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The pound rallied for a second day amid optimism a speedy resolution to the Brexit deadlock is in store after the Conservative Party’s election victory.
Sterling advanced against all its major peers after Chief Secretary to the Treasury Rishi Sunak said the government plans to put its Brexit legislation before Parliament ahead of Christmas to ensure the country will leave the European Union as planned at the end of January.
“With the Tories’ decisive victory, U.K. markets should quickly shift focus to the coming trade negotiations and spending priorities,” Audrey Childe-Freeman and Tim Craighead, strategists at Bloomberg Intelligence, wrote in a research note. “Sterling has room to keep running.”
The pound climbed 0.6% to $1.3415 as of 7:11 a.m. in London after surging as much as 2.7% on Friday to $1.3514, the strongest since May 2018. Sterling advanced 0.5% to 83.05 pence per euro.
The U.K. currency is being pushed higher by hedge funds, according to an Asia-based currency trader, who asked not be named because the person is not authorized to speak publicly. Most clients are confident U.K. Prime Minister Boris Johnson will successfully execute Brexit with the EU and reach a free-trade agreement with the U.S., the trader said.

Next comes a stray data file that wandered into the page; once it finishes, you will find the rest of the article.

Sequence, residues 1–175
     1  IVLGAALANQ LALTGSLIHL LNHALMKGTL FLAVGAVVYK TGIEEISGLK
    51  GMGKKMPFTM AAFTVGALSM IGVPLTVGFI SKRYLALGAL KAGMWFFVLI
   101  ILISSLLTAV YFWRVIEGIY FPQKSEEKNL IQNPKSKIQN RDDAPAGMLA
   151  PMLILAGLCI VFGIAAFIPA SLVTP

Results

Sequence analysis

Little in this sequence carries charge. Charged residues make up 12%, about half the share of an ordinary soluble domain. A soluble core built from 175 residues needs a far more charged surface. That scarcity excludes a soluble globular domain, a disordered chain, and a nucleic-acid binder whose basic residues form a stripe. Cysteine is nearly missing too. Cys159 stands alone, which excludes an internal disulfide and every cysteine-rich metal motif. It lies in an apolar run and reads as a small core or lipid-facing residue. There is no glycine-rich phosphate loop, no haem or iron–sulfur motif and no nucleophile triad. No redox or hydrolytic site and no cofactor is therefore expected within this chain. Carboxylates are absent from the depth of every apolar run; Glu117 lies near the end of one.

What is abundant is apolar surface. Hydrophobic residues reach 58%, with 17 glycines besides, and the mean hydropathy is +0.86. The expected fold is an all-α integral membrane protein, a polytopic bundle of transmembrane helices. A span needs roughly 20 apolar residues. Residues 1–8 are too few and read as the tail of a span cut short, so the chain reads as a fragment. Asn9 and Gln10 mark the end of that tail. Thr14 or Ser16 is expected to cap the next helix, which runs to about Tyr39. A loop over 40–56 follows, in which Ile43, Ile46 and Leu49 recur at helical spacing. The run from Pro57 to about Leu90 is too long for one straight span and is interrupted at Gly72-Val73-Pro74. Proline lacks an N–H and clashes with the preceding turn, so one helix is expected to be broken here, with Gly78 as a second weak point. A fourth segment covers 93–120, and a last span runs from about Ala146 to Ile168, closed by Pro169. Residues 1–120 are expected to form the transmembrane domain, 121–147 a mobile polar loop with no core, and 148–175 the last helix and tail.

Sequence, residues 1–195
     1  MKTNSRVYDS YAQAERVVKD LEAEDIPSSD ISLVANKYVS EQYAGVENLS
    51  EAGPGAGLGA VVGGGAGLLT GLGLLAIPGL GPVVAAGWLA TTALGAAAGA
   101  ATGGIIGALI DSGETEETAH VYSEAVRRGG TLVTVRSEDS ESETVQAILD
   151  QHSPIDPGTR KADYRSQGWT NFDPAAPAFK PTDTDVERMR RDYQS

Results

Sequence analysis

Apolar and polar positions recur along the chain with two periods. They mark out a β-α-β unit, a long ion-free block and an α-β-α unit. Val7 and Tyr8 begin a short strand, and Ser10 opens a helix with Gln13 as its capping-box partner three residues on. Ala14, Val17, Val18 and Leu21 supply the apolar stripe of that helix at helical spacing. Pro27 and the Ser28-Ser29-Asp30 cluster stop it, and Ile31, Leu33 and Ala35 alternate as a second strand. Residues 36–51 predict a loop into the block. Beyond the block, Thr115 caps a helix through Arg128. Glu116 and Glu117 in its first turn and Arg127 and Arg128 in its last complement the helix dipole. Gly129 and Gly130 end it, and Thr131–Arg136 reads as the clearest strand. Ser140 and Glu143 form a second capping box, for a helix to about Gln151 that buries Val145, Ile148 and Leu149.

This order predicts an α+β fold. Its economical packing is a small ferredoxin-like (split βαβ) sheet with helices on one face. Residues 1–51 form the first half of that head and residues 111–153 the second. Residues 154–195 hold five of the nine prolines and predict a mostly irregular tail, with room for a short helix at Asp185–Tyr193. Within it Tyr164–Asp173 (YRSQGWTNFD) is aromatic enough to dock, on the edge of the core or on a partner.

A Citigroup Inc. index indicated currency funds have almost completely unwound their bearish bets on sterling.
Asian markets were mixed on Monday morning in Asia as U.S. Trade Representative Robert Lighthizersaid the phase one Sino-U.S. trade deal is “totally done,” but no date is set for the next phase two talks.
China’s Shanghai Composite slipped 0.1% by 11:35 PM ET, while the Shenzhen Component gained 0.6%. Hong Kong’s Hang Seng Index dropped 0.3%.
The phase one deal was agreed on Friday and the two nations are expected to official sign the partial accord in the first week of January,
On the data front, China’s industrial output rose 6.2% in November from a year earlier, versus a median estimate of 5.0%. Retail sales expanded 8.0% during the month, compared to a projected 7.6% increase. Fixed-asset investment was unchanged at 5.2% in the first eleven months, the same as forecast.
Japan’s Nikkei 225 traded 0.1% lower. The Jibun Bank Flash Japan Manufacturing Purchasing Managers’ Index (PMI) edged down to a seasonally adjusted 48.8 in December from a final 48.9 in the previous month.
The index stayed below the 50.0 threshold that separates contraction from expansion for an eighth month.
South Korea’s KOSPI was little changed.
Down under, Australia’s ASX 200 surged 1.7% even after the country lowered its forecasts for wage increases, economic growth and budget surplus.